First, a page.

Skip to Content

Finding a Reason To Keep Designing

19 replies [Last post]
Jerry
Jerry's picture
Offline
Joined: 11/01/2010

Apologies if this is posted in the wrong section.

As boardgame designers, I'm sure we all go through phases where the inspiration and drive to keep designing is at an all time low. I am currently experiencing this.

In general, I usually have a dozen or so boardgame ideas floating around in my head. I get excited about starting work on them. In the past, that hasn't been an issue. My issue in having the drive to continue lately, I think stem from the following:

- I lose interest in designing a particular game at some point in the concept/early prototyping phase.

- I don't feel like prototyping all the required pieces, as it would take a long time. Learning programs to make my life easier, such as NanDeck, and Inkscape can seem like a huge task.

- When I do prototype a game, it's pulling teeth in my game group to get it tested. I constantly have to bring it up, and it just feels like I'm inconveniencing everyone. They play my game once half heartedly, and it never gets brought up again. The game gets shelved and I get discouraged because the 10-20 hours I put into the concept/prototyping/writing rules seems wasted.

The last one is probably the biggest, and I think the first two stem from the last one.

I don't want to stop designing, in fact I still love it and have a big passion for it. (If I could make a career out of it, I'd do it in a heartbeat). For me, the joy in designing comes from seeing others being immersed in a world you've created.

I just don't see how it's worth it right now, and from there, the negative feelings snowball.

Anyone experienced what I'm going through? How did you deal with it?

X3M
X3M's picture
Offline
Joined: 10/28/2013
Jerry wrote: Anyone

Jerry wrote:

Anyone experienced what I'm going through? How did you deal with it?

Yes.

Twice already.

Don't give up.
But don't force yourself.
And don't force others if they don't want to.

A pause from time to time helps a lot!

If your game design is not fun for others (because the feedback is mèèèèh!) Perhaps they can tell you, why?

Jerry
Jerry's picture
Offline
Joined: 11/01/2010
The strange part to me is, in

The strange part to me is, in general the feedback I have gotten on my games has been positive.

Based on my experiences, people have also been brutally honest with me about the games, telling me the parts they didn't like about it.

One of the biggest complaints I have heard is that they don't find the prototype interesting to look at. I don't think much can be done about that. One wants to make sure the game is fun and compelling before you invest countless more hours into designing art, etc...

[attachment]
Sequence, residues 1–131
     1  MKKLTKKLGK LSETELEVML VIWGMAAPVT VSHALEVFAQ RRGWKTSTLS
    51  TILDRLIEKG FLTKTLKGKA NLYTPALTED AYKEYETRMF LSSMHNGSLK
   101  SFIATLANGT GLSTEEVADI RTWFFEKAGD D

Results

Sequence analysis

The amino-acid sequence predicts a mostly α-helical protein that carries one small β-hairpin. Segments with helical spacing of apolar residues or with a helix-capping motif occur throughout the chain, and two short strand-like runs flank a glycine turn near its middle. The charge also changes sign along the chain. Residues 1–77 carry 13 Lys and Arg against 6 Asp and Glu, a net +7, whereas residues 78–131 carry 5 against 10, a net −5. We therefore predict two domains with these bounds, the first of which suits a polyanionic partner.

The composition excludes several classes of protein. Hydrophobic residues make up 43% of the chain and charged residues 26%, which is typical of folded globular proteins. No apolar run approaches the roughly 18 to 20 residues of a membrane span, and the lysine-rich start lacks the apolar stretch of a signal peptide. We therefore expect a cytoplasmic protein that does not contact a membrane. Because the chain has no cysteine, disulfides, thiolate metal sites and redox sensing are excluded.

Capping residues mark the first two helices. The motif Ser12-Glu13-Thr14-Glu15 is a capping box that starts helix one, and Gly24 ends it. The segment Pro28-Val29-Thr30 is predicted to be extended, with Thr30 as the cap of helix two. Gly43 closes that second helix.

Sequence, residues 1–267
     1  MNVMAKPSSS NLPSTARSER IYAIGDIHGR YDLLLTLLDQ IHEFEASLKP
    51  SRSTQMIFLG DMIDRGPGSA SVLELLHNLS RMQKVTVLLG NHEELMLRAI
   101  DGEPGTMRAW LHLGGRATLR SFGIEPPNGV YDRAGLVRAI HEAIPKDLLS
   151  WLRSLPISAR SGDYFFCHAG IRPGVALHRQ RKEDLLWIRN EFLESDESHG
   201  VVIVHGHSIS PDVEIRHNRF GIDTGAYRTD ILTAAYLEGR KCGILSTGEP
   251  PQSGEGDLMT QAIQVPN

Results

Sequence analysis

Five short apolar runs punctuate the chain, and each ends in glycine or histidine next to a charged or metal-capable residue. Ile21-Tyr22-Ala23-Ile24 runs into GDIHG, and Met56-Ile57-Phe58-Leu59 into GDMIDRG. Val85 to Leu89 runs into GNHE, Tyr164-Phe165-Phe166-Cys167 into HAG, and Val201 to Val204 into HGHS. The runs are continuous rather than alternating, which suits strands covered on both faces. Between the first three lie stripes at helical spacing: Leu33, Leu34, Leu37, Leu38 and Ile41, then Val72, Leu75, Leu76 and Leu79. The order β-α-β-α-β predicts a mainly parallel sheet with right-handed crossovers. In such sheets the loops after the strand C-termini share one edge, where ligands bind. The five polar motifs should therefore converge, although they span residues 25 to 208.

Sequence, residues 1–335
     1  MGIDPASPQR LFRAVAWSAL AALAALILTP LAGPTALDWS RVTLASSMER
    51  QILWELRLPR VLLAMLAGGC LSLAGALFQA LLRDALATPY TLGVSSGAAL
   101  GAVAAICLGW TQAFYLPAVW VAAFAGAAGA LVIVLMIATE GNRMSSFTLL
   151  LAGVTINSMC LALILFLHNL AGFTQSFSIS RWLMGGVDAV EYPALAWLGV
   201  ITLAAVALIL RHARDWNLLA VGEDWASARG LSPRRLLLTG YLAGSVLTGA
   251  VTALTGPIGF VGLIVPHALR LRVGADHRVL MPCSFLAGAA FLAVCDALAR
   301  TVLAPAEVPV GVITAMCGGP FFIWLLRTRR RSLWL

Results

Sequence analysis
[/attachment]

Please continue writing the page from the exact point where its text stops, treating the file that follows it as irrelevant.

I do tend to design more hardcore strategy games, so it may be they aren't fans of that type of games, but even then that doesn't make sense as we play heavy games such as:
- Dominant Species
- Terra Mystica
- Lords of Waterdeep
- Castles of Burgundy

chris_mancini
chris_mancini's picture
Offline
Joined: 05/01/2015
The biggest thing to

The biggest thing to remember, which can an times be the hardest to stick to, is that this is a creative expression of your passion for the hobby of gaming. You love the genre enough to want to contribute to it, and that's a special thing! As for your specific concerns...

1. Everyone, even the "big guys" like Lang, Launius, Borg, etc. lose interest in some of their designs and shelve them for the future, or sometimes indefinitely. It's part of any creative endeavor; if you have lots of ideas, some crystallize faster than others, be it due to your personal excitement for the game, the scope of what you're trying to achieve, how the industry is moving, or any number of other factors. The important thing is to recognize those ideas that really excite you enough to push you through the considerable time and effort to make the idea a reality. Not every idea needs to get past that initial spark; indeed several maybe shouldn't...that's entirely up to you!

Prototyping is a big part of design, and you've got to learn to love it if you ever hope to bring your ideas into the world. It's the part that most excites me personally, as it means the game has come far enough from my scribbles and notes to try and play those ideas through. I also love making things in general and have been building toy prototypes in my career as a professional toy designer for that past 15 years, so I'm predisposed to this phase of game design, among others. It all goes back to choosing the right idea to pursue, as I can see the prototyping process becoming a real slog if the idea of getting to play through your ideas doesn't absolutely thrill you.